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All parents, including highly credentialed 'experts', can doubt their parenting abilities with an AD/HD youth. As your teen demands that you exert less control over his or her social life, your natural instinct will be to exert more control. It is natural to want to know who your child is socializing with and how they spend their time together. It is understandable that you are concerned about the decisions that they make in the present may bring consequences for the rest of their lives. But parenting teenagers isn't joyless. In fact, these can be some of the richest and most enjoyable years of your teen's life. A few precautions are reasonable, though.
Know your teen's friends. Companions that break the law and abuse substances or drink are not good influences on your teen, but their impact on your teen's behavior can be significant.
Keep your teen occupied after school. A part-time job, sports practice, babysitting, cutting lawns, working in a store - these are structured activities that help build good work habits and accountability for one's actions.
Attend to problem behaviors as you always have: identify the issue, create an intervention strategy, and remain confident that both you and your child will cope with the current situation successfully.
When your teen practices good judgment in situations that are ambiguous, say, declining to attend a party in the home of a friend whose parents are out of town, comment on her good judgment and reward her as you would when she demonstrates that she can make good choices in difficult circumstances.
When house rules are broken impose reasonable consequences. When you threaten to ground a teen or take away social privileges for a very long time, these consequences are difficult to maintain especially when you realize in hindsight that you overreacted.
Remind your teen that driving is a privilege and connect driving privileges to responsible behavior. For instance, a teen's grades tend to do down when they first begin driving. Withdraw the driving privilege until grades improve.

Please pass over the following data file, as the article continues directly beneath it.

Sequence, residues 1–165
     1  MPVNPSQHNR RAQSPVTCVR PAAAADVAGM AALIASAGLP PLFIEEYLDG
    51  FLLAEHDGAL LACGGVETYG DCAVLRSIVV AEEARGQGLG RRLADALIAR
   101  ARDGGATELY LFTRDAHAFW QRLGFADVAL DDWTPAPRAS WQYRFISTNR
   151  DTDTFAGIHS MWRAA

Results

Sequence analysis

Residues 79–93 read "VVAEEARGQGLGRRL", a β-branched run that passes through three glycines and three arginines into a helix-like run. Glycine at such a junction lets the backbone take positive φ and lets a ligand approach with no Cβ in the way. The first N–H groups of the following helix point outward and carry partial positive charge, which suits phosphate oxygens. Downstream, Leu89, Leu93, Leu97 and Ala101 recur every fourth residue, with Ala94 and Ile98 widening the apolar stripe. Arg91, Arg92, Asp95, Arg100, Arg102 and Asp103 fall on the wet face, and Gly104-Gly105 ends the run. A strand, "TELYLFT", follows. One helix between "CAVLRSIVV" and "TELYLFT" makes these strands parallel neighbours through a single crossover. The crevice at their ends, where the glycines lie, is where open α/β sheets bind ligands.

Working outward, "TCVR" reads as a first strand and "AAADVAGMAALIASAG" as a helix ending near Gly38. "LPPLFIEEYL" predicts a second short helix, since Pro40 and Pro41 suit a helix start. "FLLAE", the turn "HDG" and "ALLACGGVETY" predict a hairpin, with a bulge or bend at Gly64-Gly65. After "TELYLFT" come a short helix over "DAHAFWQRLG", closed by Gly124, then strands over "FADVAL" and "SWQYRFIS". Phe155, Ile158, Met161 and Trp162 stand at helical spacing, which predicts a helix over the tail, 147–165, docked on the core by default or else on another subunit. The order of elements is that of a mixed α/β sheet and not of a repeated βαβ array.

If your teen is on medication that may impact reaction time responses, check with your doctor to see if the medications do not interfere with operating motor vehicles.
Avoid scare tactics and threats. Hire a driving instructor or enroll your child in the school's Driver's Ed program. This way another adult, experienced and objective with new drivers is in charge of all the "thrills" that come with learning how to drive.
Sometimes, impulsiveness can create a situation where law enforcement officials become involved. When this happens increase your vigilance and provide more guidance and supervision. Usually, the nature of the event and the subsequent natural consequences imposed on your teen will be adequate to remind your teen to make a better choice in the future.
Provide supervision, especially after school. Avoid angry, hostile interaction when the rules are broken, and seek to teach your teen something useful when you give consequences. Punitive actions designed to punish are rarely effective. Teens can and will rebel against this kind of treatment. It is better to teach your teen how to use consequences to improve deficits, rather than punish him for lacking essential life skills. Dr. Russell Barkley gives parents comfort when he stated, "The good news is that most parents of children with ADHD are doing things right...typical parenting mistakes are not irreparable or long lasting."